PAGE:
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Author: David Ataide

Moira’s Fate and the Jezebels

In this section we were introduced to the concept of the “Jezebels.” The Commander instructed Offred to dress up in a gaudy outfit with makeup in order to come with him to a secret club. The “club” is actually a hotel where Gilead prostitutes known as Jezebels reside. It seems like even in the harsh Gilead society there is leeway for accepting prostitutes as a means of pleasing the Commanders. It seems strange to me that a society that preaches such extreme oppression of women’s rights in the name of religion would allow this. The women that become Jezebels seem to do so as an alternative to being sent to the Colonies or being executed.

In this section we also learn the fate of Offred’s old friend Moira. After her escape attempt from the Red Center she was recaptured and faced with the choice I mentioned above. In this case, Moira chose being a Jezebel to the radioactive death that the Colonies present. I found it interesting that Moira said the Jezebels get 3-4 years to live. I wonder why this is. This section interested me though because it showed that despite the harsh rules of Gilead these women were presented with an option that seemingly grants them some autonomy over their bodies.

The last part of this section showed the Commander trying to enjoy “real” sex with Offred but she does not enjoy it. She forces herself to fake it and act like she was enjoying it. This doesn’t come as a surprise to me because how could she ever shake the image of the Commander as nothing more than her “boss.” The whole scene is just strange to me because the Commander wants more out of Offred than she is willing to give and it makes me kind of uncomfortable at times.


Who Really Holds the Power in Gilead?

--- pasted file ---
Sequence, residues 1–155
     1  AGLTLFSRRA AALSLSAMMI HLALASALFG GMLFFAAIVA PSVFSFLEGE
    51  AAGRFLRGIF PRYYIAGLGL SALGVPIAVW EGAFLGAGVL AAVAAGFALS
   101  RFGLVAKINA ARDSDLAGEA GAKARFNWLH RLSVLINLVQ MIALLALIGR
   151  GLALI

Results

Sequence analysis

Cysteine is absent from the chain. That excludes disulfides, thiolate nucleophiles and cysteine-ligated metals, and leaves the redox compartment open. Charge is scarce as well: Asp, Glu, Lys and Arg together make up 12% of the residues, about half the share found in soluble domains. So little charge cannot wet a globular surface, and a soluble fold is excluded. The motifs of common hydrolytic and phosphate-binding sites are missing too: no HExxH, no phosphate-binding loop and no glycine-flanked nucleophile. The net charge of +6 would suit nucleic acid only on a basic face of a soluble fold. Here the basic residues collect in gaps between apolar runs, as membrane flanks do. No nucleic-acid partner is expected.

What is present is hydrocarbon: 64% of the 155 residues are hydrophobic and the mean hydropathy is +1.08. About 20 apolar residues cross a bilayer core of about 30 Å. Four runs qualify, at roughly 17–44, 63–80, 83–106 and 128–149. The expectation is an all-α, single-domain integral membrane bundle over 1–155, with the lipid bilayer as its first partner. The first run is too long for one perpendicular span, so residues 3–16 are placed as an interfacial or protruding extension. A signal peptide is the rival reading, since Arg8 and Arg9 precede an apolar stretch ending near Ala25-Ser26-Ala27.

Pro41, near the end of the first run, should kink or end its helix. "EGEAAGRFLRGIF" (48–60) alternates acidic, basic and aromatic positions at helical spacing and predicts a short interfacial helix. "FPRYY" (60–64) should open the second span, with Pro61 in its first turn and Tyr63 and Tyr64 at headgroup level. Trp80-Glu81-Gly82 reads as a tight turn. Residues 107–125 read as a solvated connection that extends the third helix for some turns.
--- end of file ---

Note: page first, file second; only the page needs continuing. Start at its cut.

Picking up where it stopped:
In this section of The Handmaid’s Tale, we were able to witness the birth of Janine’s (Ofwarren) child. While this ceremony was interesting, I feel that the most interesting part of this section was the interaction between Offred and her Commander. In this chapter, the Commander summoned Offred to his study, something that is highly illegal in Gilead, for something very simple: to play a game of Scrabble. Offred debates going because of the illegality of the act, but decides it is far worse to disobey a Commander than it is to follow the law. What follows in this scene isn’t some commanding punishment or order, but rather just the Commander wanting to play a game with Offred.

I thought it was very interesting when the Commander started the conversation with “Hello,” something that Offred herself acknowledges as being the “old way” of talking. Then when the game is finished, all the Commander asks is for a kiss. This scene was really sad in a sort of way because the Commander seemed to just be lonely or empty, and almost seems like he feels bad for how things are in Gilead. The most important part about this scene is that it really brings to light that just because he is labeled as a “Commander,” doesn’t mean he is the one who wields the power in Gilead. Rather, these Commanders are just as under the control of the laws of Gilead as anyone else. I am interested to see where Offred’s interactions with her Commander go from here.